Uganda News

Museveni declares, “I am mobilizing a city protest against bail.”

President Museveni has stood firm on the issue of providing bail to capital convicts, indicating that he is prepared to mobilize the populace in Kampala to protest the matter.

President Museveni has stood firm on the issue of providing bail to capital convicts, indicating that he is prepared to mobilize the populace in Kampala to protest the matter.

“On the bailable offenses, we must concur.” There are also issues with the judiciary. In the judiciary, there are some bad apples. According to the Constitution, bail may be granted. Someone murders another and you release them on bail? On Friday, Museveni cautioned, “Don’t incite them into mob justice.”

“I’m preparing to mobilize.” Here in Kampala, you might see a large demonstration of wealth producers arguing about local robbers. They’re fed up with crooks. Some are detained and released on bond.”

At the High Court headquarters in Kampala, the president presided at the start of the new legal year.

Those who commit rape, defilement, or murder should face harsh consequences, Museveni said, but he asked police, the Director of Public Prosecutions, and judges to move cases through as quickly as possible.

“If the police, DPP, and courts could bring this to the attention of the public. If you murder someone, you will be found guilty within a reasonable amount of time.

My conviction does not support the imposition of a life sentence. You have to die because you killed. What you (the judiciary) are doing right now does not sit well with our people.

After some time in prison, the person changes and is forgiven. Allow the person to be sentenced to death and forgiven, but he must be aware that he is about to die. I would not have survived if it hadn’t been for the president’s forgiveness.

If things continue as they are, the president predicts confrontation between the judiciary and the people he represents, including the general public, the army, and freedom fighters.

He did, however, encourage the judiciary to give his case as much weight as possible, emphasizing that there will be no compromise.

“Don’t let rioters ruin other people’s property while you treat them badly” (lightly).

There will be no rapping. Our women must be protected. Anyone who rapes or defiles a girl must be put to death. That is the point of view of my constituents.”

The argument about bail and police bonds for capital defendants has recently been reignited by Bail President.

“Some judicial officers and police personnel remain a concern.” Some court officers make decisions that have no basis in reality.

Many people have perished in Masaka, and suspects have been released on bond. And we’re told that bail is a legal right. Bail is a legal right for criminals. What about the victims’ rights? “They don’t have any right,” Museveni recently stated.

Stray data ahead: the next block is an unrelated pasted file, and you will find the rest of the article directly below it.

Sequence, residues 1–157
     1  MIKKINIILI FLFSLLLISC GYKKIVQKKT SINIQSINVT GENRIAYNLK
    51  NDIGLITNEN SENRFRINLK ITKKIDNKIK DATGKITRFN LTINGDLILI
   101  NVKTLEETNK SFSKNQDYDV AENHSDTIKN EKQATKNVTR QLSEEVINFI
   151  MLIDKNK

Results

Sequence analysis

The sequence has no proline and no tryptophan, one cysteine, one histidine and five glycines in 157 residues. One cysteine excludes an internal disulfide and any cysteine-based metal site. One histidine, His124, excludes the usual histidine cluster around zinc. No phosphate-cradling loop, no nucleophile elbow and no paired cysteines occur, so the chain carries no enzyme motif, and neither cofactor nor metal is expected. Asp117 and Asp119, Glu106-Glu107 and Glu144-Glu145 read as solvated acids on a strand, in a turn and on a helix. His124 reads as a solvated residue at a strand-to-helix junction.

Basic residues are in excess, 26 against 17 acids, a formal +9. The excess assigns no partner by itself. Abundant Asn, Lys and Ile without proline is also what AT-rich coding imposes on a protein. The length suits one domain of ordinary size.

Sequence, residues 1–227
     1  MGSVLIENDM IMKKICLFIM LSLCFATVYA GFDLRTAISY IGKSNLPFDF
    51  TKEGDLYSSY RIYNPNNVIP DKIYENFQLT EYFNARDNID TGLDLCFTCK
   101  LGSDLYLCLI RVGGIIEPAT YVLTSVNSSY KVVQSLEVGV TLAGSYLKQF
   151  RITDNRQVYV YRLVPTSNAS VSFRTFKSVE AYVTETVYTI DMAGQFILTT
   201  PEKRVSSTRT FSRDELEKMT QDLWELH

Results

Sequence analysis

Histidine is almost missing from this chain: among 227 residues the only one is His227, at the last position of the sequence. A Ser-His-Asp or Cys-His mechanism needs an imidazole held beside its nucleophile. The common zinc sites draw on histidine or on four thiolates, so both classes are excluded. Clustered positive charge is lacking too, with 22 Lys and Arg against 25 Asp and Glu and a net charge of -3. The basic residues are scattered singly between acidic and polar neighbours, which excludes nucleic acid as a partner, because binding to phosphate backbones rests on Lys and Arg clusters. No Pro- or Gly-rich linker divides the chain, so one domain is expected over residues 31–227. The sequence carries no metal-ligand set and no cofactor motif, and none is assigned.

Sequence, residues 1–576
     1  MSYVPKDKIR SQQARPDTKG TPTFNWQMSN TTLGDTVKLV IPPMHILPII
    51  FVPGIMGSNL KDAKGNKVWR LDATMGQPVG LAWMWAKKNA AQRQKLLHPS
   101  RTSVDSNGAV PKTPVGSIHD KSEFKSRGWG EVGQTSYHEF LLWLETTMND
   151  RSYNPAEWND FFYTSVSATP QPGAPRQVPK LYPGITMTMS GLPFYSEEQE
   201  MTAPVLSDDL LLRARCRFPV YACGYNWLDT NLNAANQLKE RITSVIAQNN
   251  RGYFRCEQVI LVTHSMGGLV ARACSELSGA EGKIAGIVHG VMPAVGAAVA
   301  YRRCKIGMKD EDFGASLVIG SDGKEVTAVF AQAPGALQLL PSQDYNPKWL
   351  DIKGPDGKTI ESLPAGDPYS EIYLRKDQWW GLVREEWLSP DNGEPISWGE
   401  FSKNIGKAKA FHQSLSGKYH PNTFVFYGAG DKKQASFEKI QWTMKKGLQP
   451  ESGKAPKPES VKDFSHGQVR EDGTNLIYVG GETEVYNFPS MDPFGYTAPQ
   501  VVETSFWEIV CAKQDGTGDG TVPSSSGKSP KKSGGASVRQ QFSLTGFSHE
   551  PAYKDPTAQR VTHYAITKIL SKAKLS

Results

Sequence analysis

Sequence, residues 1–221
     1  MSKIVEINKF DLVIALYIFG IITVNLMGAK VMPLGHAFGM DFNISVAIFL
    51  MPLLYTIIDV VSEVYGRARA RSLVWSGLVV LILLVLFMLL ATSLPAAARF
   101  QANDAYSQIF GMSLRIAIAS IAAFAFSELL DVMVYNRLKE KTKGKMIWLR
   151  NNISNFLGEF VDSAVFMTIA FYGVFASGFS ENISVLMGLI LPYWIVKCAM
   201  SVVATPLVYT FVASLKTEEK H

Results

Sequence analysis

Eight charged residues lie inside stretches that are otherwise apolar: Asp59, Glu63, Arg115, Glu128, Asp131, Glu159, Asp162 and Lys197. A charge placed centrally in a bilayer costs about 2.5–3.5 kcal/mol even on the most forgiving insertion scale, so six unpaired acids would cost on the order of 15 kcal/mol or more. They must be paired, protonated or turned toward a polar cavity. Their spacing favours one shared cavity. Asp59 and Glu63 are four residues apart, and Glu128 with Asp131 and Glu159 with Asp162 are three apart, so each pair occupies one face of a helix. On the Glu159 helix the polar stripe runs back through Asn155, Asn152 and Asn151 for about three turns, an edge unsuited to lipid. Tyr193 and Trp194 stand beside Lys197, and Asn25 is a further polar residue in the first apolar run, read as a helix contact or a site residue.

Article 23 (6) of the Republic of Uganda’s 1995 Constitution guarantees the right to bail as a basic right.

According to the constitution, if a person is arrested for a criminal offense, they have the right to petition to the court for bail, which the court may grant under certain terms.

It further states that if a person has been held in jail in relation of an offence before trial for 120 days and is triable by both the High Court and a subordinate court, the person shall be released on bail on such conditions as the court judges reasonable.

If a person has been remanded in jail for an offence triable only by the High Court, the Constitution states that if the person has been remanded in custody, the person shall be released on bail on such conditions as the Court finds reasonable.

before the matter is sent to the High Court for three hundred and sixty days.

The basis of this provision is found in Article 28 of the same Constitution which states that an accused person is to be presumed innocent until he/she is proved or he/she pleads guilty.

Bond

The president has also in the past expressed similar sentiments towards giving bond to suspects in capital offences.

Section 17(3) of the Criminal Procedure Code Act says that where, on a person’s being taken into custody it appears to the police officer   in charge of the police station to which the person is brought that the inquiry into the case cannot be completed forthwith, he or she may release that person on his or her executing a bond.

This(release on bond) can be done with or without sureties, for a reasonable amount to appear at such a police station  and at such a time as is named in the bond.

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